Mailinglist Archive: opensuse-translation (114 mails)

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[opensuse-translation] two really big strings..
  • From: "Luiz Fernando Ranghetti" <elchevive68@xxxxxxxxx>
  • Date: Fri, 21 Nov 2008 22:12:39 -0200
  • Message-id: <dca9906e0811211612j440b1d5fp3cfc88de52228cab@xxxxxxxxxxxxxx>

In the .po files updated today, there are 2 strings in yast2-gtk.$$.po
which are really big:

line 677:

<h1>Purpose</h1><p>This tool gives you control on overviewing and
picking patches. You may also reverse patches that have been applied
to the system.</p><h1>Usage</h1><h2>Categories</h2><p>Patches are
grouped as follows:</p><ul><li>Security: patches a software flaw that
could be exploited to gain restricted privilege.</li><li>Recommended:
fixes non-security related flaws (e.g. data corruption, performance
slowdown)</li><li>Optional: ones that only apply to few
users.</li></ul><p>Only patches that apply to your system will be
visible. openSUSE developers are very restrained in pushing patches;
you can be sure that all patches are of signficant severity.</p><p>If
you are looking for applications enhancements, you should check for
Upgrades on the Software Manager.</p>

line 673:

<h1>Purpose</h1><p>This tool lets you install, remove, and update
applications.</p><p>openSUSE's software management is also called
'package management'. A package is generally an application bundle,
but multiple packages that extend the application may be offered in
order to avoid clutter (e.g. games tend to de-couple the music data in
another package, since its not essential and requires significant disk
space). The base package will get the application's name, while extra
packages are suffix-ed. Common extras are:</p><ul><li>-plugin-:
extends the application with some extra functionality.</li><li>-devel:
needed for software development.</li><li>-debuginfo: needed for
software beta-testing.</li><li>-fr, -dr, -pl (language siglas):
translation files (your language package will be marked for
installation automatically).</li></ul><p>You will find both packages
installed on your system, and packages that are made available through
the setup-ed repositories. You cans either install or upgrade an
available package, or remove an installed one.</p><blockquote>A
repository is a packages media; it can either be local (like your Suse
CDs), or a remote internet server. You can find utilities to setup
repositories on the YaST control
center.</blockquote><h1>Usage</h1><h2>Available, Upgrades, Installed
buttons</h2><p>These buttons produce listings of the different sources
of packages. 'Available' are the ones from the setup-ed repositories
less those you have installed. 'Installed' lists the packages
installed in your system. 'Upgrades' is a mix listing of the installed
packages that have more recent versions available. 'All' will combine
all sources.</p><h2>Filters</h2><p>Enter free text into the
search-field to match their names and descriptions. (a search for
'office' will bring up the 'OpenOffice' packages as well as AbiWord
which carries the word 'office' in its description). You can also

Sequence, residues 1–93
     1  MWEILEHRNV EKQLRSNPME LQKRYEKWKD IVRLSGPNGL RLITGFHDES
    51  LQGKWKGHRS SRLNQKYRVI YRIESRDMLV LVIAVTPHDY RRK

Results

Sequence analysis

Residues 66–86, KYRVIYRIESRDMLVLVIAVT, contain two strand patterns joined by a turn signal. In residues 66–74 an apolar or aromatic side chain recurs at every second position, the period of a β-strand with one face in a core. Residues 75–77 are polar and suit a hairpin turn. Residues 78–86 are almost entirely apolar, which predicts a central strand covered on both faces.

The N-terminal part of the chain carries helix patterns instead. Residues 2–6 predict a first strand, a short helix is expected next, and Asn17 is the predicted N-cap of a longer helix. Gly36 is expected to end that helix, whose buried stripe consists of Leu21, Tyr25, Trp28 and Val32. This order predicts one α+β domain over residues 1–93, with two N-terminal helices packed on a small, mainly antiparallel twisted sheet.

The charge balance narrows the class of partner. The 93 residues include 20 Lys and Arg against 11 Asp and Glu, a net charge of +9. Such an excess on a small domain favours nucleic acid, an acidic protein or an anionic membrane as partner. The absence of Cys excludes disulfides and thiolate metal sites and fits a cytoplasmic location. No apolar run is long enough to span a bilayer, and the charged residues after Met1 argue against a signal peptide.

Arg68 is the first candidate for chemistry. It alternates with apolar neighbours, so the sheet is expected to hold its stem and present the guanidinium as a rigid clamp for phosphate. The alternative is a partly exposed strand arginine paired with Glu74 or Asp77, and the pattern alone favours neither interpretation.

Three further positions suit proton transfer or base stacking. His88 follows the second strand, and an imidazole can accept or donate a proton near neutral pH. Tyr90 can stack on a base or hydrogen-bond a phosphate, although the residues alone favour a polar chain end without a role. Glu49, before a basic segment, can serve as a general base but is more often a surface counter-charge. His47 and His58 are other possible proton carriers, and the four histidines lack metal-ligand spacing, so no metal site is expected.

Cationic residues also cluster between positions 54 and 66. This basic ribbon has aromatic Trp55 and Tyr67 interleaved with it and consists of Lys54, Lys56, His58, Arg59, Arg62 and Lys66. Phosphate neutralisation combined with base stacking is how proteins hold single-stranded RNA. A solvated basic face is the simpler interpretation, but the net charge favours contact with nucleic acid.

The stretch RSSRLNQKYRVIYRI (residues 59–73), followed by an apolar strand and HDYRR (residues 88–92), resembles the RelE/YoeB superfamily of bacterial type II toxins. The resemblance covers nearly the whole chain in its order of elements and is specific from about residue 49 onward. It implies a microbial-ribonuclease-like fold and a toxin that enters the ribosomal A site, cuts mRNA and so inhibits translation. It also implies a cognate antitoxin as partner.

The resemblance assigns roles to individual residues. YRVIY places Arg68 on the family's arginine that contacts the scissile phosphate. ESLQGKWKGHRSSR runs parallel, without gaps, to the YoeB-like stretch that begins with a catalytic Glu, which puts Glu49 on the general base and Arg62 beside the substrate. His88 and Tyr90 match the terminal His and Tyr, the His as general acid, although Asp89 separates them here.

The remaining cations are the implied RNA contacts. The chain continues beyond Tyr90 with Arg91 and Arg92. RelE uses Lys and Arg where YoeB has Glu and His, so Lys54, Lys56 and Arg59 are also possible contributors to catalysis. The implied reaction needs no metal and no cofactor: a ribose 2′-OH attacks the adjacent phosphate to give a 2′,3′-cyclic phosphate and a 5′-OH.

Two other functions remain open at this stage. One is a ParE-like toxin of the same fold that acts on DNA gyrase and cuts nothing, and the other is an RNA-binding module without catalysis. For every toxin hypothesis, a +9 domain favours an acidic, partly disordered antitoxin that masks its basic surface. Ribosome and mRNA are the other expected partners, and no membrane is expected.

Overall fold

choose to view software from a specific repository.</p><h2>Categories
&amp; Collections</h2><p>Software for openSUSE is indexed so that you
can find software for a specific task when you don't know the name of
the software you are looking for. Browse indices of software by using
the tree-view in the left column; you can view the available software
by their Package names, or grouped in 'Categories' or 'Patterns' by
the selecting a view-mode from the drop-down-menu below. Categories'
are simple, hierarchical classifications of software packages, like
'Multimedia/Video', while 'Patterns' are task-oriented collections of
multiple packages that install like one (the installation of the
'server'-pattern for example will install various software needed for
running a server). By using 'Install All' you make sure that future
collection changes, when you upgrade openSUSE, will be
honored.</p><h2>Software details in the box below</h2><p>In the
package detail view you can perform actions affecting this software;
like install, uninstall, version-upgrade or -downgrade. All changes
that you make will be saved, but not yet performed.</p><p>You can
review changes in the right-side pane of the software-manager. You can
revoke changes individually at any time by clicking the 'undo'-button
next to a saved change.</p><p>The lock button can be used to lock the
selected package state; it won't allow some automatic operation to
install, upgrade or remove the package. This is only useful in very
unusual cases: for instance, you may not want to install some drivers
because they interfer with your system, yet you want to install some
collection that includes them.</p><p>The changes will be performed
once you decide to click the 'perform changes' button in the
lower-right corner. If you want to leave the software-manager without
performing any changes, simply press the button labeled
'Abort'.</p><blockquote><i>Developed by Ricardo Cruz
&lt;rpmcruz@xxxxxxxxxxxxxxxxxxx&gt;<br>Thanks to Christian Jager for
co-designing this tool.</i></blockquote>

by the way, in the bigger, sometimes it calls openSUSE, in other Suse....

It is a help text or a manual itself ? >:-)


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